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What We Do Is Secret

These Germs Are Not Contagious

Rating: 2.5 out of 5 stars

Shane West (ER, A Walk to Remember) sheds his pretty boy image and stars as Darby Crash, the lead singer of late 70's L.A. punk legends The Germs. However, unless you’re already a fan of the era’s music, you probably haven't heard of the group or their leader. Most likely the only member you may know is Pat Smear who later joined Nirvana (six months before Kurt Cobain's suicide) and subsequently became a member of the Foo Fighters. Smear served as a consultant for What We Do Is Secret, which centers more on Crash than the band itself, and knowing of his involvement makes it that much harder to grasp how it turned out so cookie cutter.

The Germs, however, were no sugar sprinkled group. Actually, they're the "anti-band" making t-shirts and booking gigs before they could even play their instruments. The film should have come off as raw and gritty but after years of trying to get this project together it feels amateur and better suited for a VH1 movie of the week. That's not saying it's a bad movie, it is definitely interesting even if you're not familiar with the group or the type of music, but at 82 minutes it barely gives you a glimpse into Crash's psyche, let alone recreate the atmosphere of L.A. punk at the time.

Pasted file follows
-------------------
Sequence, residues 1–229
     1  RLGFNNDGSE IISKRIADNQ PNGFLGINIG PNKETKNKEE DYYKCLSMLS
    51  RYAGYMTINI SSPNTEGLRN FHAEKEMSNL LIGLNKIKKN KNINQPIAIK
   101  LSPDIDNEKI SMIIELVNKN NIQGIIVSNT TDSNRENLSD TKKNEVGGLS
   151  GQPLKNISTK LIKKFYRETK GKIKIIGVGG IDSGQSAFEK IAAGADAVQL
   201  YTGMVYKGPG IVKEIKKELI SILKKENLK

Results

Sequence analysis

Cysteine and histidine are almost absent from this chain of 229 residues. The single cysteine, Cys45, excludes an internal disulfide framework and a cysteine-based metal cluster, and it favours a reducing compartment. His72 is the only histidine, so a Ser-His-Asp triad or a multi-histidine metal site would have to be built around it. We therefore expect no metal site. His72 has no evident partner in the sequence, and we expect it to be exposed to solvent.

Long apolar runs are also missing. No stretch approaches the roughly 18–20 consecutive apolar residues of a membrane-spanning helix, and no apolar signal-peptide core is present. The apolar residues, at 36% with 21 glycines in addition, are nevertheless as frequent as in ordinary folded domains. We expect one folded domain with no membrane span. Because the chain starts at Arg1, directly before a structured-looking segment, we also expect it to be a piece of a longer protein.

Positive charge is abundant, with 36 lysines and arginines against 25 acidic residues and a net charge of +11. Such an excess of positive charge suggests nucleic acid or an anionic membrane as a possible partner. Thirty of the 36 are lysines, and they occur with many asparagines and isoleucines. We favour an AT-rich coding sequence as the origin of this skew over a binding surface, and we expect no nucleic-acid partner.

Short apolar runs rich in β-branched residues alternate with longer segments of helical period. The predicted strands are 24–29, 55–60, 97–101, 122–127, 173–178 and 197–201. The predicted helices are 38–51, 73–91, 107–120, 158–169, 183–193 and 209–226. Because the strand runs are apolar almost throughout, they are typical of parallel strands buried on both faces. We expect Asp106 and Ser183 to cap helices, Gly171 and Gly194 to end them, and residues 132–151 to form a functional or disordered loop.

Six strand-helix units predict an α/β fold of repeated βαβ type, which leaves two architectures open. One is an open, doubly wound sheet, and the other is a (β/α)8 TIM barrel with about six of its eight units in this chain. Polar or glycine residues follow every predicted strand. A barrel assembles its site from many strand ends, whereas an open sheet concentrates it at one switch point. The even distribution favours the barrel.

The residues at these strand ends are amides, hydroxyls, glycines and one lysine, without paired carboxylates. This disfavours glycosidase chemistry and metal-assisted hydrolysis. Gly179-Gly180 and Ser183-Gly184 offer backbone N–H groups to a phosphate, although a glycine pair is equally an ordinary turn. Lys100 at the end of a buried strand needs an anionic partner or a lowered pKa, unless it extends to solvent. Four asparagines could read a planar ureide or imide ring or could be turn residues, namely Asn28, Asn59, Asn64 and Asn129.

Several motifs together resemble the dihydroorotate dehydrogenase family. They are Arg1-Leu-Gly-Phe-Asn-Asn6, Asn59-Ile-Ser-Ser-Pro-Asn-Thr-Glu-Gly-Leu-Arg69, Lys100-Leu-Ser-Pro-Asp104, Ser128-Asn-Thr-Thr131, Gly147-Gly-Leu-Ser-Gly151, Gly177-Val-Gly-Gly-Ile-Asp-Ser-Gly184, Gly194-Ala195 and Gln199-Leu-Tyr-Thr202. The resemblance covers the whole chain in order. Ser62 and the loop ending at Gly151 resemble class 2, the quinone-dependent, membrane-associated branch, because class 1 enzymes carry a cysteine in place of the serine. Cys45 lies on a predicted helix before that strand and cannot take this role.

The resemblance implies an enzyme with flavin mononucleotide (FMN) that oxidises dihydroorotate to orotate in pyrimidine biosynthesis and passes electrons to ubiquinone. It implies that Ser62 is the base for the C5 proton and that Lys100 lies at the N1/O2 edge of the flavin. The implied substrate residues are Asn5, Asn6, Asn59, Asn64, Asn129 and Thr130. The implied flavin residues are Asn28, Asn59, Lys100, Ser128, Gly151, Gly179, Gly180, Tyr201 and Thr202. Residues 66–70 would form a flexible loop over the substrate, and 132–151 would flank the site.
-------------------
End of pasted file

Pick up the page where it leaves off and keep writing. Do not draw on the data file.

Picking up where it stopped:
Surprisingly, West is the best part of the film. Darby Crash wasn't the cliché self-deprecating punk rocker. Ok, well he sort of was. But the difference with Crash is that like, say Henry Rollins, the guy was very intelligent and like many intelligent, creative people, he was probably just too self-aware for his own good. West portrays Crash as a guy who was smart and calculating when it was uncool to be so. While still in high school he made a "five year plan" to start a band with Pat Smear despite having any talent. Throughout his short career he stuck to his convictions and created an aura that was bigger than the music itself which allowed the band time to actually become proficient musicians. Unfortunately, the film doesn't fully manifest that sensation that made The Germs and Crash underground stars during their time.

Maybe the problem is that the film is set up as half film/half faux documentary. The movie is riddled with confessionals from members of The Germs (Bijou Philips, Rick Gonzalez and Noah Segan) and friends of Crash, but it doesn't feel genuine because it's just the actors portraying their respective characters attempting to make it feel off the cusp. The film would have benefited from a linear story and could have added a lot more meat. It begins with some quick background information of Crash, but it soon loses that momentum and can’t figure out if it’s about Crash or The Germs, even though it’s obvious the star is Crash. And again, at 82 minutes, it's not like there were any length issues.

Yet, despite all of the film's flaws it covers an interesting topic, a charismatic guy and an era that most don't have a lot of knowledge about. Perhaps these are the reasons that I wish they were explored in greater depths and in better taste.